"I love it when storage vendors invent new market segments: "Entry-Level Enterprise Storage Arrays" appears to be the latest one, from the brilliant marketing team at EMC. And it is always a "new" space that only the company occupies."
FROM THAT BLOG:
"EMC has its very successful VMAX 10K. Hitachi has recently offered the HUS VM. And HP has invested heavily in enhancing 3PAR in this segment."
But really, what is the point of this? Is there something coming where you talk about how enough features have moved from Enterprise level storage to Mid tier storage that the highest level isn't necessary any more? Or perhaps go more in depth about how the way applications like Oracle and MS Exchange interact with I/O causes inflated backend storage throughput that wouldn't be necessary if they just did x or y?
Are you going to steadfastly refuse to ever use the term "Big Data" because marketing at EMC thought that one up (so they tell us)? How about an amusing story about how the one time EMC Marketing tried to rename Legato's clustering software Full Time Auto Start (ahhh FAT ASS)
But just to write a column saying the term "enterprise" is used to much and then say "too expensive" kind of lends the mental image of a guy sitting on his porch shaking his cane at passerbys.
Any storage where the word "Enterprise" is used simply means you need to get a minimum 60% discount to avoid being ripped off. Usually you should get 80% off the first quote for true "Enterprise" kit because in reality all "Enterprise" means is "we hiked the price up to make you think this system was better than the cheaper one and to make our overpriced SAN look competitive with <COMPETITOR>'s overpriced SAN".
Enterprise storage started out as a hangar at Washington Duller, then was a wing of the Udvar-Hazy Center, then it was an inflatable bubble on he deck of a retired aircraft carrier, and now it's another temporary structure on the same deck after a storm destroyed the bubble.
All of which goes to show that Enterprise storage is non-trivial.
Oh, perhaps we weren't talking about the space shuttle of that name?
Failure: plan for it
Totally agree on the point made about understanding failure modes. It's a trait that I note is dangerously lacking in many 'architects' I have met of late.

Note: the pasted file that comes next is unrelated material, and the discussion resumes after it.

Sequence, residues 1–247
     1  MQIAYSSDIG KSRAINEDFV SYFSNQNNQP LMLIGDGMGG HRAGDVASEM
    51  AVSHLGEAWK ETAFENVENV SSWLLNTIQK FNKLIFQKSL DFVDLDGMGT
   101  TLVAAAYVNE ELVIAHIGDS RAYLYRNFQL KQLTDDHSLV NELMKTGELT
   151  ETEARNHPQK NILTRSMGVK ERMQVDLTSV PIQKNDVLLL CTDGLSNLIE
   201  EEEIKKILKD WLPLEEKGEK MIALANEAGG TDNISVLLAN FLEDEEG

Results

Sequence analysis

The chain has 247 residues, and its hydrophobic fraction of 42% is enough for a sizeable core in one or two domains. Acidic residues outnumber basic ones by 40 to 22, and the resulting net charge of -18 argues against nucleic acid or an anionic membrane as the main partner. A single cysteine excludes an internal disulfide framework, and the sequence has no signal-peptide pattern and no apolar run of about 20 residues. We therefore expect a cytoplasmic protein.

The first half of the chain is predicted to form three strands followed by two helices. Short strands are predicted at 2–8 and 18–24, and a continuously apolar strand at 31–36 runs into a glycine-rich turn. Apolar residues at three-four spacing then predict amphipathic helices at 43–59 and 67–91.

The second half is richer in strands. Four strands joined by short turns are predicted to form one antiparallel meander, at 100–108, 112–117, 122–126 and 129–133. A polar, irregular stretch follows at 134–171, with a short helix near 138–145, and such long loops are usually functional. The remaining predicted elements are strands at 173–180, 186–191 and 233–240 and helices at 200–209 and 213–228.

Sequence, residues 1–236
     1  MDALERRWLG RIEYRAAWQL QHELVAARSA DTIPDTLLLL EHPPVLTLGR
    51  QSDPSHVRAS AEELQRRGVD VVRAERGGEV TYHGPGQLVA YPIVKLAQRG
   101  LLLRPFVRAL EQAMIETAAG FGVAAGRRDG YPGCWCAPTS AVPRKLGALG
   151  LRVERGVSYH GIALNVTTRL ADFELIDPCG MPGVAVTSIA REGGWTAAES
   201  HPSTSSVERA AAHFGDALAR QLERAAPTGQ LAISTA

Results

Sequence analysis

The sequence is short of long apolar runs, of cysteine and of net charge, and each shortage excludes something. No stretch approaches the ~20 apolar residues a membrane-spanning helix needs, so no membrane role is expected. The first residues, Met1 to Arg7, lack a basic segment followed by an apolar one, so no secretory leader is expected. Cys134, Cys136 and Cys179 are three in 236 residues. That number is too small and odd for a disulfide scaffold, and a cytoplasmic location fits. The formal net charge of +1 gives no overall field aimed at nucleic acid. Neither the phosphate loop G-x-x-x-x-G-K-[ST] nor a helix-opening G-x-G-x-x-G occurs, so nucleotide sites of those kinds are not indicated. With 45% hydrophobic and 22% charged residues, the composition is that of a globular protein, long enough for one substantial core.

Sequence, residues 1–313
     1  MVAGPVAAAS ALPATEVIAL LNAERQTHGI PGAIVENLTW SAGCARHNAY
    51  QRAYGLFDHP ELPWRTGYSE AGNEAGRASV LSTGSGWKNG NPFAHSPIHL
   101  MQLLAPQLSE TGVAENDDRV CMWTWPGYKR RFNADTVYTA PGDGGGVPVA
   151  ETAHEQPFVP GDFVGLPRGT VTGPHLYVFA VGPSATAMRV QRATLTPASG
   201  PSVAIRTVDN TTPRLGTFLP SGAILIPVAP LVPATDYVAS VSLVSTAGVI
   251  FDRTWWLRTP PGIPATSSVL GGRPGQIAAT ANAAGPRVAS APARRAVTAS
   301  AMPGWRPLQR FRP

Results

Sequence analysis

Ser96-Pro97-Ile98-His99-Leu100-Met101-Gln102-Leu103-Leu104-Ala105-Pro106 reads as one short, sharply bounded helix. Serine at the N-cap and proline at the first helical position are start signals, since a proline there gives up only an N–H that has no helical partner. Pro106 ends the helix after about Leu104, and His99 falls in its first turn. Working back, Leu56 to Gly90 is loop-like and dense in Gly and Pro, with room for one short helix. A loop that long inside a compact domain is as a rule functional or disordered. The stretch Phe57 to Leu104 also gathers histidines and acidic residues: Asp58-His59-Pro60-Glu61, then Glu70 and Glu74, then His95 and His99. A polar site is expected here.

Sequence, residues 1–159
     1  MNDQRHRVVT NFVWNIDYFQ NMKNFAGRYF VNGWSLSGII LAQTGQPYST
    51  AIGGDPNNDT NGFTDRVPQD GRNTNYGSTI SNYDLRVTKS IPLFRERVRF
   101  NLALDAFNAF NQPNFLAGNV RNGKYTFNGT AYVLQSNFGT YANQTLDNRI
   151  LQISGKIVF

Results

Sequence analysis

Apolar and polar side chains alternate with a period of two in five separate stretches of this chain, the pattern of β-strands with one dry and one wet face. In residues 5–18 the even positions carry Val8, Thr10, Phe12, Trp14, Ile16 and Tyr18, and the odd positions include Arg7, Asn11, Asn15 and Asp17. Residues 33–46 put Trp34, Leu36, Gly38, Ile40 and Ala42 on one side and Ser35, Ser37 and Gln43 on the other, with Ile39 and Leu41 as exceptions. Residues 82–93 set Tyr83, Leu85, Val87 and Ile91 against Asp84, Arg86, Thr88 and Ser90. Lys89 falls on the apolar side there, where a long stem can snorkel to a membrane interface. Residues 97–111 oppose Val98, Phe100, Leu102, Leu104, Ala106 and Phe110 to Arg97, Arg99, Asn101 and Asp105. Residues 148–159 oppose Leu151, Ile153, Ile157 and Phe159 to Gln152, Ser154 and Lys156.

100% uptime, good luck with that
There is a reason why storage vendors all say 5 x 9's ...because they know that sooner or later there will be a DU/DL event. You are deluding yourself if you think that a home rolled cluster or whatever can have an 100% uptime over several years. Yeah you can mitigate DU/DL's by having synchronous replication to a remote site, but how long did that take to kick in, what happens if there is a server fart at 3am and something does not kick in properly?
Mostly when i think of enterprise (which is ALWAYS heavily discounted, I dont know anyone who pays full whack) I think of 24*7*365.25 support for kit that can tolerate a few faulty parts and some dude onsite repairing that kit in a reasonable amount of time.
Re: 100% uptime, good luck with that
Storage vendors don't all say 5 nines, HDS say 100%.
If there's a "server fart" at 3am your storage will still be up so that's irrelevant. If one of the storage controllers dies the other can take over in a decent SAN with zero downtime (usually the latency increases briefly during failover). The failed storage controller can then reboot or be replaced before failing back.
You don't have to have an infallable system, you just need sufficient redundancy to cover the time until the engineer arrives on site with spares.
FWIW a building level failure does not affect the uptime stats of a SAN. If it's off due to external issues then it's not classed as downtime it's classed as switched off. It may affect uptime stats for your application but that is not the storage vendors problem.